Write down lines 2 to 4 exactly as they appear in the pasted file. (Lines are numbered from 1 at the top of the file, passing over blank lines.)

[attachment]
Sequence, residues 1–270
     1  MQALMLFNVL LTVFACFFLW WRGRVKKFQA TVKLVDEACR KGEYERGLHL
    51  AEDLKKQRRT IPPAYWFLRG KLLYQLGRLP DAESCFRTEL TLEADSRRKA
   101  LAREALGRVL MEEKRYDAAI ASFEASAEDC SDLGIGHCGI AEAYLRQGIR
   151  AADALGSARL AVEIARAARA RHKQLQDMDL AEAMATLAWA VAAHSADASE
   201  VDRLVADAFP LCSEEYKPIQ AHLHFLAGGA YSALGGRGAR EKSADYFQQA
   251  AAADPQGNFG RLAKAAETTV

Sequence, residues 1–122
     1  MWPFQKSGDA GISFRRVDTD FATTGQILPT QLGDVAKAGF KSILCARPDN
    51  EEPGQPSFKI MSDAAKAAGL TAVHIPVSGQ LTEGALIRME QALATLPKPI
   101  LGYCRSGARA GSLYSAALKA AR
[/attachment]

     1  MQALMLFNVL LTVFACFFLW WRGRVKKFQA TVKLVDEACR KGEYERGLHL
    51  AEDLKKQRRT IPPAYWFLRG KLLYQLGRLP DAESCFRTEL TLEADSRRKA
   101  LAREALGRVL MEEKRYDAAI ASFEASAEDC SDLGIGHCGI AEAYLRQGIR